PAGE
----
Question re D-Link 300T ADSL Ethernet Modem

Discussion in 'Broadband' started by CheggersPop, Oct 29, 2004.

  1. CheggersPop

    CheggersPop Guest

    I am finally about to get BB and have decided to go with Zen's ADSL Home
    1000 (but I'm going to wait until Monday to sign to and take advantage of
    the drop of £5 per month to £34.99!?!)

    However I need to clarify a few points about the modem, I have been advised
    by Zen that a Ethernet modem is a better option than a USB one, is this
    correct?

    Secondly Zen are offering a D-Link 300T Ethernet modem (includes 2
    micro-filters) for £60.00 (£70.50 including V.A.T.) I have spoken to my
    local computer retailer and they can offer the same unit for £43.49 with
    V.A.T., but it only comes with 1 micro filter.

    I have quite a simple set up at home, BT line directly into the room the PC
    is in, with regards the micro-filters what are they for and would I actually
    need two? Should I just go for the local cheaper option?

    Regards,

    Chegs.
     
    CheggersPop, Oct 29, 2004
    #1
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  2. CheggersPop

    Phil Chung Guest

    There can be issues with USB modems as you need to install drivers. An
    ethernet modem doesn't require drivers.
    The microfilter/splitter splits and filters out the ADSL signal from the
    phone signal so that the ADSL signal doesn't interfere with the phone.
    The microfilter also provides you with the RJ11 socket for the modem.
    You generally need a microfilter for every extension where you have a
    phone connected, although you could get away with using a single
    microfilter if your extensions plug into the master socket instead of
    being hardwired.
     
    Phil Chung, Oct 29, 2004
    #2
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  3. CheggersPop

    CheggersPop Guest

    However I need to clarify a few points about the modem, I have been
    Cheers for the reply Phil, look like I'll be adding another micro-filter to
    the list, but my local store only charges about £4.50 for them, so it still
    works out cheaper that then Zen option!

    Thanks again,

    Chegs!
     
    CheggersPop, Oct 29, 2004
    #3
  4. By I assume that what Zen refer to as Ethernet modem is what is more commonly
    known as an ADSL router/modem.

    In which case you will need an Ethernet adapter if there is no one already on
    the motherboard. And that will need drivers!

    An ADSL router/modem is certainly a better option than a USB modem - IMHO The
    wireless versions of these are becoming very popular. Many offer 10base-T &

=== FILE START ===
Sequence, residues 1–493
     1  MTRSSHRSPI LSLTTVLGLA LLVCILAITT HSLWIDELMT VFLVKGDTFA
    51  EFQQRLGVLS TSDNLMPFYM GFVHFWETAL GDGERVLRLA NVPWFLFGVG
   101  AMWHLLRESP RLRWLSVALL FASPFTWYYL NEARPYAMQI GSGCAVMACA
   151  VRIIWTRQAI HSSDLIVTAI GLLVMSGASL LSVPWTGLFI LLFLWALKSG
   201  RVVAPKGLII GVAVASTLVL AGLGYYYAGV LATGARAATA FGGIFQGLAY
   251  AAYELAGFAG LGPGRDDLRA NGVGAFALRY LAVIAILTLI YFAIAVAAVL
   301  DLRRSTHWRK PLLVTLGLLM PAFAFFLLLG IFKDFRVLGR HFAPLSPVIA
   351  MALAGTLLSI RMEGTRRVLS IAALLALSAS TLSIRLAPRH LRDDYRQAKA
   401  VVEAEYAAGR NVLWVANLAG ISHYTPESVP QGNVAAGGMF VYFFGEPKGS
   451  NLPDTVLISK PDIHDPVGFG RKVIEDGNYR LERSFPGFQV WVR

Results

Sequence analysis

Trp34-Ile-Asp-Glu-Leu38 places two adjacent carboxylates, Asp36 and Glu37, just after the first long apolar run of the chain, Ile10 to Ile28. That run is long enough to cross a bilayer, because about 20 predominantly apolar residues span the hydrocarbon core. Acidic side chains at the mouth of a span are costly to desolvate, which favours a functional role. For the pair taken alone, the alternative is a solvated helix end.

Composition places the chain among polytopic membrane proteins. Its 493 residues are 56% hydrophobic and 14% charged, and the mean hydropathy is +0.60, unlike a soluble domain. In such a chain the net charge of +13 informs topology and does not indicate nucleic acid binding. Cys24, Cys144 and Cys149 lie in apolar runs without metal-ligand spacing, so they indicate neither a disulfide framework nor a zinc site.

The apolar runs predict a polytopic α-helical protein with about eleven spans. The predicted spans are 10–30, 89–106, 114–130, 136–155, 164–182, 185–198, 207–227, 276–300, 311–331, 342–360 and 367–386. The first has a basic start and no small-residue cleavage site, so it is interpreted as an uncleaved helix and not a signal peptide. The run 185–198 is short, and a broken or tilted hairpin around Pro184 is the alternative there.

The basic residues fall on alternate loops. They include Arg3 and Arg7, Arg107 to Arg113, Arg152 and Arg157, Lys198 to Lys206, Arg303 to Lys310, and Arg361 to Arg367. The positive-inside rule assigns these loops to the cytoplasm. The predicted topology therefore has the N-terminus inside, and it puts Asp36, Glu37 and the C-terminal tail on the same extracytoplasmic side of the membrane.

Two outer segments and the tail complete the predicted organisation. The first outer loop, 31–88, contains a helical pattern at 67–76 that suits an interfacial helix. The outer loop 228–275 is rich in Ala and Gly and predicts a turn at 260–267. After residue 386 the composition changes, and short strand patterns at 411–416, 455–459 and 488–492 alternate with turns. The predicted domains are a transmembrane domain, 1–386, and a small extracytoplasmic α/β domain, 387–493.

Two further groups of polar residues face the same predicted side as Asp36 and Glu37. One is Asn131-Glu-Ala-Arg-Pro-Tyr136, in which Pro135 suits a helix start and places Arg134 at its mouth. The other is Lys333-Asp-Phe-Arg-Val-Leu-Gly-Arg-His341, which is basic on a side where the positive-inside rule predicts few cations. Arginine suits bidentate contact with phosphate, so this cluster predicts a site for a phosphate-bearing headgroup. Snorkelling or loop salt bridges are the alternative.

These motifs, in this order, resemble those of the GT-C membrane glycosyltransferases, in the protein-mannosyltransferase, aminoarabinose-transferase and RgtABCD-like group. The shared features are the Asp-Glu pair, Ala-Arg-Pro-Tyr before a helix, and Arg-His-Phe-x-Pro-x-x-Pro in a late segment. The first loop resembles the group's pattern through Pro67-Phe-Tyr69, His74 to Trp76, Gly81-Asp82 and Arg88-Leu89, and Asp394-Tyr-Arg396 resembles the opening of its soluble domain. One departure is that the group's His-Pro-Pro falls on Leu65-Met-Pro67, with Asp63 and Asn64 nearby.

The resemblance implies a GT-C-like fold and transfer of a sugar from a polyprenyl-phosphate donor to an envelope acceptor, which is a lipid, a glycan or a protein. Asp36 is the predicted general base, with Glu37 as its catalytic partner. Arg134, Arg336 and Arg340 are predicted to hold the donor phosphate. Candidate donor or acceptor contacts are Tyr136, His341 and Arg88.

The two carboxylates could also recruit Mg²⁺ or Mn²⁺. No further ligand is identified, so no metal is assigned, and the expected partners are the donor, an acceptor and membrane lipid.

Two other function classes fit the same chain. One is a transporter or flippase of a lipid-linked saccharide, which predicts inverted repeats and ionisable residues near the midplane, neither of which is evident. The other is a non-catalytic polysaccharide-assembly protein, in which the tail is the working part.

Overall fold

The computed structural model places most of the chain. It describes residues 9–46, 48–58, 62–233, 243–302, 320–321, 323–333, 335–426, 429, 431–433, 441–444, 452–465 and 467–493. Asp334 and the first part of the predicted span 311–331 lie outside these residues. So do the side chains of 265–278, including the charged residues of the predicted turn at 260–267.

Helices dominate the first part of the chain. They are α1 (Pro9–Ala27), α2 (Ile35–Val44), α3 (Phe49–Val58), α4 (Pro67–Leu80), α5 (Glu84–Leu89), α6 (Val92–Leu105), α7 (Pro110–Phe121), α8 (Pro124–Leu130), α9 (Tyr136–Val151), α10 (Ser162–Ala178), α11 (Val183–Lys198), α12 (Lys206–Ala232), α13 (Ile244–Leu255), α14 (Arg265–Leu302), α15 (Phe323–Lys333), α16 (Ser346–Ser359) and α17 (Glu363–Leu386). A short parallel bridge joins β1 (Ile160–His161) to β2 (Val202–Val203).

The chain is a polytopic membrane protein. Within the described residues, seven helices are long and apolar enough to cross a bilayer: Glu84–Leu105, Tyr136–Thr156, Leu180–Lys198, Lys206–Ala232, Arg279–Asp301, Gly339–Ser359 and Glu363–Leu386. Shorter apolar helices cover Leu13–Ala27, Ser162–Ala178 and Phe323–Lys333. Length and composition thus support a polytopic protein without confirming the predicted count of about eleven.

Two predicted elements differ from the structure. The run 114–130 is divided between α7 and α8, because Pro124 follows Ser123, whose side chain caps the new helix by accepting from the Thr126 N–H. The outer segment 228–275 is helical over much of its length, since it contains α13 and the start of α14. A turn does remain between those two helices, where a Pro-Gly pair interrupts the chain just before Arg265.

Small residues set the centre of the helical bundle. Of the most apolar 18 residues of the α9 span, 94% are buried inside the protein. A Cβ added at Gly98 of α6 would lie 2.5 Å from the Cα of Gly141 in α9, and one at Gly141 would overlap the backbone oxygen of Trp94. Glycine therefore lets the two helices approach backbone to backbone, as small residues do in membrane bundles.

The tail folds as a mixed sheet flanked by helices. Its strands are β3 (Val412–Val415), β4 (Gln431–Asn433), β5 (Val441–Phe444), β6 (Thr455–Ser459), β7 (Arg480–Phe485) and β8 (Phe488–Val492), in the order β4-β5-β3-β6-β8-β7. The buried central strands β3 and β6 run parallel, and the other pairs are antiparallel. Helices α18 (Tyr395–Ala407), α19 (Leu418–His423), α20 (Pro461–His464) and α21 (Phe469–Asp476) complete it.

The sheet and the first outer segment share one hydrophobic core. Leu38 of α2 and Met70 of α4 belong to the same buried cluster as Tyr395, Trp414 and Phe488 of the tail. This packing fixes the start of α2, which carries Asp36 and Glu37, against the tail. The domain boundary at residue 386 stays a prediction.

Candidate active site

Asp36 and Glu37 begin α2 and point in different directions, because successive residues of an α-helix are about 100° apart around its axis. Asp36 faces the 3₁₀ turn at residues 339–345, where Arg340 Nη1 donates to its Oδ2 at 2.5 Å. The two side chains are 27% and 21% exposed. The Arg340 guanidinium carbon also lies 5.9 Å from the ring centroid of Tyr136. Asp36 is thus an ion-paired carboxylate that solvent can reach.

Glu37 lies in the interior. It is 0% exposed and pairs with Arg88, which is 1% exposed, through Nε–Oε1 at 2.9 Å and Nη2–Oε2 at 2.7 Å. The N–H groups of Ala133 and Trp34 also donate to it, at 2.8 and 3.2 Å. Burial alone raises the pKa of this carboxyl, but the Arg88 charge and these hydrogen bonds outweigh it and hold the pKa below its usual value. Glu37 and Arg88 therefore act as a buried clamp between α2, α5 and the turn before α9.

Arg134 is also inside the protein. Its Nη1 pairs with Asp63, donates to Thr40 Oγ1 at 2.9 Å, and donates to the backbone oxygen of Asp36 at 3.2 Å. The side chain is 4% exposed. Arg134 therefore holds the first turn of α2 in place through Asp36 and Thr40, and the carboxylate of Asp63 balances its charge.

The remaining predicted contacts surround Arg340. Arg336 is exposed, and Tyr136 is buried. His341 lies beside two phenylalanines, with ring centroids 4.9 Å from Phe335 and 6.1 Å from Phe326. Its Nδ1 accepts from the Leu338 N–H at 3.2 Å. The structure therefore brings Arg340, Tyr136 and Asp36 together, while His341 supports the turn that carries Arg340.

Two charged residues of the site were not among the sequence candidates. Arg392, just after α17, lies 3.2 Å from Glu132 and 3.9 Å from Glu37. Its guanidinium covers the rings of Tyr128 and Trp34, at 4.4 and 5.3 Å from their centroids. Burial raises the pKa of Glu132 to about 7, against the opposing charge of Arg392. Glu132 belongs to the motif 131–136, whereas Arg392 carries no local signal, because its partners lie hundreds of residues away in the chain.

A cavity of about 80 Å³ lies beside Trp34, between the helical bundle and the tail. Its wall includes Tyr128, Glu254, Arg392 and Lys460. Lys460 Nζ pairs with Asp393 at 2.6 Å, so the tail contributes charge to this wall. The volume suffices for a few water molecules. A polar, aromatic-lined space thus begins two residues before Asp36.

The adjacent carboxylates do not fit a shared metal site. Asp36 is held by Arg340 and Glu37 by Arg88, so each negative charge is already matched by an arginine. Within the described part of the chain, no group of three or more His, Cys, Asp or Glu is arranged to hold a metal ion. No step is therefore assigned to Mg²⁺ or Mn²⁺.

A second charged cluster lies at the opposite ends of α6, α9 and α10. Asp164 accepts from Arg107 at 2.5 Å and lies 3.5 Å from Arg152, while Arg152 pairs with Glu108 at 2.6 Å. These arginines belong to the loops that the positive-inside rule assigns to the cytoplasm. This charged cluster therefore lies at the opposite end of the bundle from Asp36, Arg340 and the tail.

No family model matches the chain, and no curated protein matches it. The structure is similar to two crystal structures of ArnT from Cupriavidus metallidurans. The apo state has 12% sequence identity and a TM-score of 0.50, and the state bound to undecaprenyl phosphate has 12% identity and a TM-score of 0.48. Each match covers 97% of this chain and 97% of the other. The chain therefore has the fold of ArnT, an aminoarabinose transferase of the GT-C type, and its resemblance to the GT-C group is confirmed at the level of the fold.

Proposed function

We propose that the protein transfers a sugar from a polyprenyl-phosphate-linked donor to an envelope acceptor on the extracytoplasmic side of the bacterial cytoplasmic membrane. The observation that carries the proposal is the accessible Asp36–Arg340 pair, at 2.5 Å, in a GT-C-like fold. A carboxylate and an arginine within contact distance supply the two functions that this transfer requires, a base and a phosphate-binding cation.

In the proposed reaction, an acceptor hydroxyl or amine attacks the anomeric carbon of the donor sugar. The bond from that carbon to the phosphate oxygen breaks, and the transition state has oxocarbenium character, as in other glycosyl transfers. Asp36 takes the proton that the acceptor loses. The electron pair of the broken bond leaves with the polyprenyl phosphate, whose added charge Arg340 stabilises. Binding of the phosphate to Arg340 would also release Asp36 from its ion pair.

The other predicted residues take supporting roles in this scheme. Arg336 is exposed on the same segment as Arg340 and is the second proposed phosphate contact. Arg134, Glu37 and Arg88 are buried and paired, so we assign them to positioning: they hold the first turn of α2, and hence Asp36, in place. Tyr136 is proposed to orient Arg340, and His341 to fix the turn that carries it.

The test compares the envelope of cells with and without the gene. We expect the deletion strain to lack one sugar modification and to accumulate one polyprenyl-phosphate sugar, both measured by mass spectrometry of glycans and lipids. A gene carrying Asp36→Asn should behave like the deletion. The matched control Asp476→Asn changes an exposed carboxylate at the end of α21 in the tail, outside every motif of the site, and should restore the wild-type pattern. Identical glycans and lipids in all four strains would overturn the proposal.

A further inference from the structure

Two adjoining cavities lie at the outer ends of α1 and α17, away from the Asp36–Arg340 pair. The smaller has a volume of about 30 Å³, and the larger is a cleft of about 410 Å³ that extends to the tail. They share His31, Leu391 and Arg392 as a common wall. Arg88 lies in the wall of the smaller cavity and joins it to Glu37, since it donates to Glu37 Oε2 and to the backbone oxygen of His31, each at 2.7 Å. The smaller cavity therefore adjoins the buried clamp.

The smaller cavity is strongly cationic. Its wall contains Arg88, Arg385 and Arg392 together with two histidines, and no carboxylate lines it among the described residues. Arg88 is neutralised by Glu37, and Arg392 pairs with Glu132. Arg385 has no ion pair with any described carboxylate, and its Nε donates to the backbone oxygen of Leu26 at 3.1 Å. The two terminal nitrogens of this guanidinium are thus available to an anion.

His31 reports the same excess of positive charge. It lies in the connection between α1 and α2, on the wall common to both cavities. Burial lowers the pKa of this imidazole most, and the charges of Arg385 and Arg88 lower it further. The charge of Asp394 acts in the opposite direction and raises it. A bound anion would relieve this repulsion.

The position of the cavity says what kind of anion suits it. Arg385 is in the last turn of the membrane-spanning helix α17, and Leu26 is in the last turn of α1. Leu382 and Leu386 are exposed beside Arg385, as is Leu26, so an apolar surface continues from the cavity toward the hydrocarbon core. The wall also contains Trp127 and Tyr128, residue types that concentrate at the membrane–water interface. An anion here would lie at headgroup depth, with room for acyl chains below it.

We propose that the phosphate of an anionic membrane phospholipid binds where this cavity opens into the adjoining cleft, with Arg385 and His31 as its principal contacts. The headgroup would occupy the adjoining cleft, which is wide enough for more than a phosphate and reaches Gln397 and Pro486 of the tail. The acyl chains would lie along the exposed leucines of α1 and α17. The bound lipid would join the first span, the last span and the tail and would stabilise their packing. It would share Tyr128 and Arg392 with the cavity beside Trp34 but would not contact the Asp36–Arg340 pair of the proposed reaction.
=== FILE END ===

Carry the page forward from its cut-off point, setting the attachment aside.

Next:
100base-T as well as wireless..

    See the reviews on www.adslguide.org.uk
     
    Michael Chare, Oct 29, 2004
    #4
  5. CheggersPop

    Peter M Guest

    I think the particular model mentioned (which I came across thanks to Dave J
    in a thread in another newsgroup) isn't a router, just an ADSL modem with an
    ethernet port. I don't have one nor (without a manual) am I likely to force
    my head around the choice Zen made of this particular unit (unless it was to
    be some easy option for the unit to sit in front of a LAN, where each system
    has a public IP address, and using this particular unit would allow just the
    use of a multi-port hub/switch to connect the systems on the LAN to the ADSL
    connection, without any 'NAT setup' to workaround :) Peter M.
     
    Peter M, Oct 29, 2004
    #5
  6. In which case the description is perhaps correct, and the product best avoided
    or further advice sought on ADSLGUIDE!

    One advantage of a router is that you can run NAT which provides a good
    firewall, whilst at the same time connecting multiple computers enabling file
    and printer sharing between them, all sharing the single IP address provided by
    the ISP..

    Michael Chare
     
    Michael Chare, Oct 29, 2004
    #6
  7. CheggersPop

    Bill Guest


    .....and a LAN (network) card if your PC does not have one fitted /
    onboard. Only £5 though.

    Bill
     
    Bill, Oct 29, 2004
    #7
  8. CheggersPop

    Wira One Guest

    I will suggest against this ethernet modem. Your best bet is to get a
    modem/router, ebuyer has origo modem/router for around £33, micro-filter
    will cost you around £1.50 each at ebuyer too.
     
    Wira One, Oct 29, 2004
    #8
  9. CheggersPop

    Peter M Guest

    If I'd seen the first post earlier I'd have made exactly the same
    suggestions (and second the comments from Wira One, regarding the
    purchase of some alternative from Ebuyer or Dabs). Peter M.
     
    Peter M, Oct 29, 2004
    #9
  10. CheggersPop

    David Wood Guest

    Those cheap ebuyer microfilters are likely to be one of the poorer
    quality designs, though - it's better to pay more for something of
    better quality IMHO. Personally, I went for a (modified) faceplate
    filter, and don't regret doing so.


    For an ADSL router, I'm using a ZyXEL Prestige 650H-E1 - just under 40
    pounds including VAT from broadbandbuyer.co.uk. Whilst it lacks some of
    the features of more expensive ZyXEL models, it's a good box for the
    money.

    Multicast (IGMP) is documented as broken in the firmware release notes,
    and doesn't appear to work, but apart from that, all seems well.
    Multicast is of minimal use at the moment in any case.



    David
     
    David Wood, Oct 30, 2004
    #10
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